Academic journal article ABA Banking Journal

Some of Your Customers Are Unprofitable. OK, Now What?

Academic journal article ABA Banking Journal

Some of Your Customers Are Unprofitable. OK, Now What?

Article excerpt

He has been described as "head of customer segmentation," but Dave McVay's official title is vice-president of personal market segments. Not a familiar job title in the wanted ads. McVay, who has been 25 years with Bank of Montreal, agrees that his latest job description reflects a change in bank culture, a newfound introspection.

McVay is one of several executives charged with formulating a response to a profitability analysis database recently compiled by the bank. He explains profitability analysis as follows. "It's mapping how people use the system to determine the importance of each of the points in the value chain. The old approach was to ask `How profitable is this branch, based on the assets and liabilities in the branch?'" The limitations of such an approach quickly become obvious once you track where transactions are done, he explains. For instance, you find 75% of a branch's customers now bank elsewhere, but never bothered to close their accounts. Conversely, you find that a stripped-down branch in a mall gets lots of customers. However, it appears far less profitable than it could be because only relatively unprofitable services are made available there.

It no longer makes sense to aggregate profit at the branch level when the branch has become but one distribution channel for banking services. The profitability question is substantially a technology question. First, it takes the right technology to amass transaction information for analysis. Second, there's divided opinion on whether automated banking methods--from ATMs and Touch-Tone phones, to PC and Internet banking--are inherently more profitable.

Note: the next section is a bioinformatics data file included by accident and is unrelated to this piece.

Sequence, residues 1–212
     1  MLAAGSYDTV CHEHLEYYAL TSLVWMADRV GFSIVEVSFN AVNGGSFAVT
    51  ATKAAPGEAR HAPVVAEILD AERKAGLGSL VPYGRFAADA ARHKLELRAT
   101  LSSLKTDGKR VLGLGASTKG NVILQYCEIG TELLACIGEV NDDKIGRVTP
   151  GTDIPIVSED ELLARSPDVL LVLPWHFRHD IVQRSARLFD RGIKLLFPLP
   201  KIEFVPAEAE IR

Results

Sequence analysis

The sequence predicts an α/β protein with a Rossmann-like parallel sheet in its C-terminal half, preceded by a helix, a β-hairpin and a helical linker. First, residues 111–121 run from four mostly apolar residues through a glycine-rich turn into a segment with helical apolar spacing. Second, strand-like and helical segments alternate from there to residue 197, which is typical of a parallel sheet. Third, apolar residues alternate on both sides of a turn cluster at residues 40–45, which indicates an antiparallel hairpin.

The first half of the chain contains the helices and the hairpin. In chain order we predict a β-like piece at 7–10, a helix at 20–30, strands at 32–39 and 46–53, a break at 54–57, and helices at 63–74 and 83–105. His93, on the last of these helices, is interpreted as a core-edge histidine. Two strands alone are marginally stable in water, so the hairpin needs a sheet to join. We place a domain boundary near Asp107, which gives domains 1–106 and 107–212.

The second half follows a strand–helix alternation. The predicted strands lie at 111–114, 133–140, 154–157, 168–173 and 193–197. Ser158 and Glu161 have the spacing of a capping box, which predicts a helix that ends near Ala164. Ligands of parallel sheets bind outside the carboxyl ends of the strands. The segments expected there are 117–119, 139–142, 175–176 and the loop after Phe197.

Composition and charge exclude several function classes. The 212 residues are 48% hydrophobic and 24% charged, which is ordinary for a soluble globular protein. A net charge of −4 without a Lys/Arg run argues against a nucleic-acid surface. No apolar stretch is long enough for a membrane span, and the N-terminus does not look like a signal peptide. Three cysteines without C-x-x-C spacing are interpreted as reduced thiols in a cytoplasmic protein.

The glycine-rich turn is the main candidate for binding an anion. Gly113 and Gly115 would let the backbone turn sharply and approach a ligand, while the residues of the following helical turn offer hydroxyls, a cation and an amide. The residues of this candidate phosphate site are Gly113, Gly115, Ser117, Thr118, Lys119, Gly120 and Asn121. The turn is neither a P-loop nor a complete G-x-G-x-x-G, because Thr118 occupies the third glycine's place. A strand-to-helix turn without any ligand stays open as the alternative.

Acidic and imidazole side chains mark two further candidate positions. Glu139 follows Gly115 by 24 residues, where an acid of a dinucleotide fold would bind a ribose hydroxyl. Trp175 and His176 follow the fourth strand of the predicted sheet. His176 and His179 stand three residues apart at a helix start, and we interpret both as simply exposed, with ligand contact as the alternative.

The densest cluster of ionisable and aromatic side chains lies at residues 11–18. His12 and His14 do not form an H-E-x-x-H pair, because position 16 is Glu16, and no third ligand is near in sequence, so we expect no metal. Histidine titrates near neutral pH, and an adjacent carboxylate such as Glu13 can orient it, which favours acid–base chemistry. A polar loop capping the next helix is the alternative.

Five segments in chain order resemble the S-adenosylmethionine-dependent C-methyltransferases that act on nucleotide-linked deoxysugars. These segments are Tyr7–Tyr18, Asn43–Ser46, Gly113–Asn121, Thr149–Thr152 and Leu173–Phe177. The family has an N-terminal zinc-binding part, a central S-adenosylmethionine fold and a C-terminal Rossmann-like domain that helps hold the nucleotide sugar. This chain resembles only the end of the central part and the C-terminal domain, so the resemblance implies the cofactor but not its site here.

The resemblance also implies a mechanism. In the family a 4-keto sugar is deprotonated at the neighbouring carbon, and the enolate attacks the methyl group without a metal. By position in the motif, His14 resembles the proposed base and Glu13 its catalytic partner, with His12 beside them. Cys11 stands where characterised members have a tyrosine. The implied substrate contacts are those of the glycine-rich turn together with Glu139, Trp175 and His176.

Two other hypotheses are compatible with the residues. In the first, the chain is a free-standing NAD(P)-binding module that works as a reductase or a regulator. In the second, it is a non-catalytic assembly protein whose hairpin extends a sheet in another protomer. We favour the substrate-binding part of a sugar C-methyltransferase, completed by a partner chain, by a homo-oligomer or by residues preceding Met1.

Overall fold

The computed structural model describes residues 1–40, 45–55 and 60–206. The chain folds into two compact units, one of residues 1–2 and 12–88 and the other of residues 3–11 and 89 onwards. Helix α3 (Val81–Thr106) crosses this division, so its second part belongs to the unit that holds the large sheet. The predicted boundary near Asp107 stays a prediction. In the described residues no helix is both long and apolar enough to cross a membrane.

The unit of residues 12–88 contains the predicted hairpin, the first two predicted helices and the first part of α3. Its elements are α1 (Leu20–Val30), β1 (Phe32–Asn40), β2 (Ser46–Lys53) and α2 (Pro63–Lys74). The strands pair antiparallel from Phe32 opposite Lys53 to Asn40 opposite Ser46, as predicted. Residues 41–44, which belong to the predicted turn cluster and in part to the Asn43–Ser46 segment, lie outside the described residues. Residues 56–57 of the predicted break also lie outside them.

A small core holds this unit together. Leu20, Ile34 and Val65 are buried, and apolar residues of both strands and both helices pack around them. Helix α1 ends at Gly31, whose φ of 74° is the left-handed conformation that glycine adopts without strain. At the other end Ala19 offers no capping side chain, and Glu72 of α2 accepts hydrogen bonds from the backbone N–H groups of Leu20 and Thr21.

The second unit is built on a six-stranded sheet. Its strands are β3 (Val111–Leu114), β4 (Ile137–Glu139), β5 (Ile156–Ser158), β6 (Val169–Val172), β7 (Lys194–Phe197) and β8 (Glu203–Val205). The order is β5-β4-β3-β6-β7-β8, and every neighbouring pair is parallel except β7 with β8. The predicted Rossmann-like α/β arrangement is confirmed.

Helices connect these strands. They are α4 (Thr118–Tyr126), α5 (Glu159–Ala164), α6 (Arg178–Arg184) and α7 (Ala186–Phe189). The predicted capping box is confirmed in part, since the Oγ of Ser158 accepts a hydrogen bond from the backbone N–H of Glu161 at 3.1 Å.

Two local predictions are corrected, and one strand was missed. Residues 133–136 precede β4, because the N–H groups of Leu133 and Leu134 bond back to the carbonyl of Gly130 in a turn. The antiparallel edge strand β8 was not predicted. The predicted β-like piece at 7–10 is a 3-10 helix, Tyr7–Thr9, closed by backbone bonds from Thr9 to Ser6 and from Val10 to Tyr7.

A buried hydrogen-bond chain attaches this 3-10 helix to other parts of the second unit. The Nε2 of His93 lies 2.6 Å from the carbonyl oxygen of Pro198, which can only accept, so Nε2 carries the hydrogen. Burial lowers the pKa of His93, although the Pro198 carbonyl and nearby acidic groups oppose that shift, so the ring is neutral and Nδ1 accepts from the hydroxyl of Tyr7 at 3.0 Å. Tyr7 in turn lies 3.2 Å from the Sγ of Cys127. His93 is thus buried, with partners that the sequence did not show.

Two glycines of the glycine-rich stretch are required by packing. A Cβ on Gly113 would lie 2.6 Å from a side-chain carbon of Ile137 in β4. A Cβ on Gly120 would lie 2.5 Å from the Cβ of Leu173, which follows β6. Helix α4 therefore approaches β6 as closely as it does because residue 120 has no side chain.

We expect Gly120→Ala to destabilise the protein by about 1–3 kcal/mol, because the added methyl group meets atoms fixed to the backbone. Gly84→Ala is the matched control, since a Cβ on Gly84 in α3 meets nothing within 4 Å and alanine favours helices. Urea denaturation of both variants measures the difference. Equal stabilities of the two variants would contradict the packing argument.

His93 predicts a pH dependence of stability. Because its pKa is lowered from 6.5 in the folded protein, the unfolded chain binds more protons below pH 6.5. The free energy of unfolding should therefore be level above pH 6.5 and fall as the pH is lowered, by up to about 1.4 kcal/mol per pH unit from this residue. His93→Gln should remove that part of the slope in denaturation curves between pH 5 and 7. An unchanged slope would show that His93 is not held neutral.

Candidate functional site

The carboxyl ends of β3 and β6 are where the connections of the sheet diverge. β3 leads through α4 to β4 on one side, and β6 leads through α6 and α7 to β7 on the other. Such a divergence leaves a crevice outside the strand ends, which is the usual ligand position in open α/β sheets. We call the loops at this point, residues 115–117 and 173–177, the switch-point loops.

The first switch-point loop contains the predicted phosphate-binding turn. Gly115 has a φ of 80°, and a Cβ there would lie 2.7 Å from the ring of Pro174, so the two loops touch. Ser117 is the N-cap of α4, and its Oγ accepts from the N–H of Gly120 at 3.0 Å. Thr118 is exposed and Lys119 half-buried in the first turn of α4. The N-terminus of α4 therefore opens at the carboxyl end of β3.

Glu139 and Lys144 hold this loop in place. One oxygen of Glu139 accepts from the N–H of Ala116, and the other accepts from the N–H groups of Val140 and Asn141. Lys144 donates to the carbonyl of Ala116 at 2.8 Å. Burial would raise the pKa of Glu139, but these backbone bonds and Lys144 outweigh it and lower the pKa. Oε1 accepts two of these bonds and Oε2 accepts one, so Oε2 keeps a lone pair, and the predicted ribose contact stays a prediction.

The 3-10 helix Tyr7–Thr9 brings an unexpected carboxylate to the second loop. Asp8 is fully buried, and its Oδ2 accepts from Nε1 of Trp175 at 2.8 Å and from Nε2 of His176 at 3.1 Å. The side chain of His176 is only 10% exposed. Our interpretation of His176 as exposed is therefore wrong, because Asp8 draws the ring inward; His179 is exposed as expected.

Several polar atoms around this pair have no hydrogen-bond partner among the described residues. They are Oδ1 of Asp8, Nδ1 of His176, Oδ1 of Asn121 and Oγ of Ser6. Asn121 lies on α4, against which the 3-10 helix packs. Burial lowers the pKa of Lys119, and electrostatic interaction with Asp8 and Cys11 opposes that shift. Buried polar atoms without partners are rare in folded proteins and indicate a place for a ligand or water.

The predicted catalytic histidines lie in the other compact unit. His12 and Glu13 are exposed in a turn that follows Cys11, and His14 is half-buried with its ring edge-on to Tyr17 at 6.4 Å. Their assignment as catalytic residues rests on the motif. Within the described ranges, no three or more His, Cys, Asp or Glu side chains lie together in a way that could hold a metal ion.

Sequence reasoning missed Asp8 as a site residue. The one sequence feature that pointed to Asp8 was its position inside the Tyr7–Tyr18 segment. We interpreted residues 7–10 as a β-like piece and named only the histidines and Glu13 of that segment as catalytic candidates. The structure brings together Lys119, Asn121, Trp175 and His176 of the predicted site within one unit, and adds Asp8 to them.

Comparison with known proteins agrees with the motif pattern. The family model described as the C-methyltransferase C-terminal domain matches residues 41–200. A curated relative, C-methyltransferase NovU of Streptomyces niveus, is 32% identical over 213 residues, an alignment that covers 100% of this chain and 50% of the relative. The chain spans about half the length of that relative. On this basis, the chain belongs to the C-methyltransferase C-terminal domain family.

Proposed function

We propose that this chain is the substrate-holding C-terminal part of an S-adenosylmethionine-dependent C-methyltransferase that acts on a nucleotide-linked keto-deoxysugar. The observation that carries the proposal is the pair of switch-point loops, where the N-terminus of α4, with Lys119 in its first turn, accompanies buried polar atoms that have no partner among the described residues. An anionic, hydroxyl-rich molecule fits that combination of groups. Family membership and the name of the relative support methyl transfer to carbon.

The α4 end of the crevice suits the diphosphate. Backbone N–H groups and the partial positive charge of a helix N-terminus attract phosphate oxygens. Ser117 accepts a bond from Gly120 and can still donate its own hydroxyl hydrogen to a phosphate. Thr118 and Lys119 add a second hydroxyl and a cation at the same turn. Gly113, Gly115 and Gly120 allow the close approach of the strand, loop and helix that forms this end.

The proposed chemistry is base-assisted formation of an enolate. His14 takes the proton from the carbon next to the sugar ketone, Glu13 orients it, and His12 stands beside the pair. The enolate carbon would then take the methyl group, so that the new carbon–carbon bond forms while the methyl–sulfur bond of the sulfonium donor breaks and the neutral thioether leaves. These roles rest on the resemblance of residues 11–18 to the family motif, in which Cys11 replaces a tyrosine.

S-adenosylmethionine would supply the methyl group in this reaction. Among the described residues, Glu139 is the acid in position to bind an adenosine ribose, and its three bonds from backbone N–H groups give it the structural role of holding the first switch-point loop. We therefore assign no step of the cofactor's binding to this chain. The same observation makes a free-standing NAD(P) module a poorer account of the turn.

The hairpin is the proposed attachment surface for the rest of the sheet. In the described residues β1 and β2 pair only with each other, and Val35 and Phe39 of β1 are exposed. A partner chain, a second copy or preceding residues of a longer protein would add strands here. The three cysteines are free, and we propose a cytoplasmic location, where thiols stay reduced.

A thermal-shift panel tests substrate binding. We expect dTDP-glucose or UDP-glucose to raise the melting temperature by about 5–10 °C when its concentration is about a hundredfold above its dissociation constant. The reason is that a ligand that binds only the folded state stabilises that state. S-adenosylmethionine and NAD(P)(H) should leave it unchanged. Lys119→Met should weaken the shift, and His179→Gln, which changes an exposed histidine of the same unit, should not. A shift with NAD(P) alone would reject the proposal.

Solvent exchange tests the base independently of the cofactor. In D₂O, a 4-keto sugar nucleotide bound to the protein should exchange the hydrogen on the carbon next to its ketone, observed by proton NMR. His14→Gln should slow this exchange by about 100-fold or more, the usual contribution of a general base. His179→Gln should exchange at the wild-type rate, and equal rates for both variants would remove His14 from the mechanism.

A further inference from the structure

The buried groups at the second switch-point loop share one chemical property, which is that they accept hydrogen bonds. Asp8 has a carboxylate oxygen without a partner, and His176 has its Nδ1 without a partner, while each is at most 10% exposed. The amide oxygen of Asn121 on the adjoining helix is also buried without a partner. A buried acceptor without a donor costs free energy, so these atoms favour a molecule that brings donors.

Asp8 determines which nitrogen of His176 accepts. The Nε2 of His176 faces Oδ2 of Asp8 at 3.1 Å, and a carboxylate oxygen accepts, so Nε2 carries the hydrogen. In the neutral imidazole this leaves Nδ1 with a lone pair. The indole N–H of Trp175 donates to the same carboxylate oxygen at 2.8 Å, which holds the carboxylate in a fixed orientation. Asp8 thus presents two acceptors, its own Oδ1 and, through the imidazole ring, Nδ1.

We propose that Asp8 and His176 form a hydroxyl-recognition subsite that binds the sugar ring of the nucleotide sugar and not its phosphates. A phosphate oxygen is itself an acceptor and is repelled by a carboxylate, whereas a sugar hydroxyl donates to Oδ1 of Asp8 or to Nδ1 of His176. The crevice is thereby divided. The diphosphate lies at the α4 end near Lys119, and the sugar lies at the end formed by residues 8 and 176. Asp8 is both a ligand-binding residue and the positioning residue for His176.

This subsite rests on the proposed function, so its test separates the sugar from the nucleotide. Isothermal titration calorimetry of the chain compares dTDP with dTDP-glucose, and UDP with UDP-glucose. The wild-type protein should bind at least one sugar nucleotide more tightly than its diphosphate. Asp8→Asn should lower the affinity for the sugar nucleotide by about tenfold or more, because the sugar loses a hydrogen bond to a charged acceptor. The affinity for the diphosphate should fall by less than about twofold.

That presumption of technoprofitability seems evident in conference sessions, media coverage emphasizing the cost differential between automated and nonautomated transactions, and in the behavior of banks regarded by their peers as having pushed the edge of the electronic envelope. The most notable examples in the U.S. have been Wells Fargo closing traditional branches and First Chicago instituting fees for teller services.

But banks identified by profitability experts as among the "handful" advanced in profitability analysis don't necessarily share in this presumption. Interestingly, success in improving profitability is claimed both by banks that have acted on the assumption automation is central to profitability, and by banks acting on the assumption that automation is incidental.

First Chicago worked on the assumption that tellers were the most expensive way for the bank to service checking accounts. After searching for the common trait among its unprofitable customers, said Marion (Robin) Foote, former senior-vice president, the bank found "the profitable went for self-service." Foote was speaking at a conference about her work on repricing First Chicago's checking and savings accounts. She recently moved to Bank of America, where she could not be reached for comment on how close First Chicago is to its goal of saving $18 million on branches and $2 million in operations. A spokesperson said First Chicago's acquisition of National Bank of Detroit subsequent to the repricing would make it impossible to break out First Chicago's savings.

NBD is to institute teller fees next year, once it moves onto the same computer system as First Chicago, allowing it to track teller transactions. NBD extends First Chicago's franchise into Michigan, where Old Kent Bank just this month became the state's first bank to introduce teller fees.

Banks are uniform in disassociating their profitability-probing behavior from First Chicago's, which some consider to have been "PR suicide." "They fired their marketing people the next day [after the teller-fee story broke]," said a source, who preferred not to be named. However, it is widely conceded that First Chicago has had material success. It reportedly lost less than 1% of customers, not the 10% predicted--despite some other Chicago-area banks advertising against it--while branch staff decreased 30% and ATM activity "skyrocketed. …

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